Violent Crime and Imprisonment

Dana Goldstein at the Marshall Project has created a useful interactive graph showing who is in prison and how we might build further on the de-incarceration trend which started five years ago. Goldstein also echoes a point that Mark Kleiman and I have made here many times: It’s a myth that prisons are full of non-violent drug offenders.

The chart below presents Bureau of Justice Statistics data on state prisons, which is where is over 90% of U.S. prisoners reside. Violent crime has consistently been the leading cause of imprisonment, and most state prison inmates are serving time for a violent offense. Importantly, the data reflect current controlling offense only and thus understate the proportion of prisoners who engage in violence: Many inmates currently serving time for a non-violent offense have prior convictions for violent crimes.

Corrections in the United States_0442512_2[1]

These data make de-incarceration more complex in at least two ways , which is perhaps why so many people don’t want to believe them.

First, the noble ongoing efforts to reduce the size of the prison population should take substantial care to protect public safety as violent offenders are released. Mass dumping of violent offenders into communities with no monitoring and no services would be dangerous for them, for their families, and for their neighbors. Further, if it leads to released prisoners committing high-profile acts of violence, it could also choke off political support for continued de-incarceration.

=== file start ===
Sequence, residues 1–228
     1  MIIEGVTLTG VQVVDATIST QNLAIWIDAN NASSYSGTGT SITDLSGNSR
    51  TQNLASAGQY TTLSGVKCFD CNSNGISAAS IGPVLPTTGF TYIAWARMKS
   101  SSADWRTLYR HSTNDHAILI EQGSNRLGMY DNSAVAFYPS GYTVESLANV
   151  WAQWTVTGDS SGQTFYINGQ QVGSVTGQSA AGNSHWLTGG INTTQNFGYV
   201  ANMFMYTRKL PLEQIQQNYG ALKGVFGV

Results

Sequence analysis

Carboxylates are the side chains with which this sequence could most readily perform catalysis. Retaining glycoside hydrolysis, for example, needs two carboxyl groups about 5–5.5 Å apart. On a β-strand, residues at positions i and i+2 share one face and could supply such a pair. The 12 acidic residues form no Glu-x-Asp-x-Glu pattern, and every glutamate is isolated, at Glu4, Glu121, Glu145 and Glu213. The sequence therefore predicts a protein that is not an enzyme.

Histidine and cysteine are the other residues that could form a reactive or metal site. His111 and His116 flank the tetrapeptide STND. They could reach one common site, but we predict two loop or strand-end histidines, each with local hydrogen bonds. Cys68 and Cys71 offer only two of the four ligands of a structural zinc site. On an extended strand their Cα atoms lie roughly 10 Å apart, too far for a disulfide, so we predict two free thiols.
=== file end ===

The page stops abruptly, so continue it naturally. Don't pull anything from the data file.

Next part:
Second, even assuming the best of all policy worlds in which reducing incarceration continues to be a priority, the U.S. is probably too violent of a society to ever shrink its prison population to a Western European level. The proportion of the U.S. population that is serving time for violent crimes is larger than the proportion of the Western European population that is serving time for all offenses combined.

[Cross-posted at The Reality-Based Community]

Keith Humphreys

Keith Humphreys is a professor of psychiatry at Stanford University. He served as a senior policy advisor at the White House Office of National Drug Control Policy from 2009 to 2010.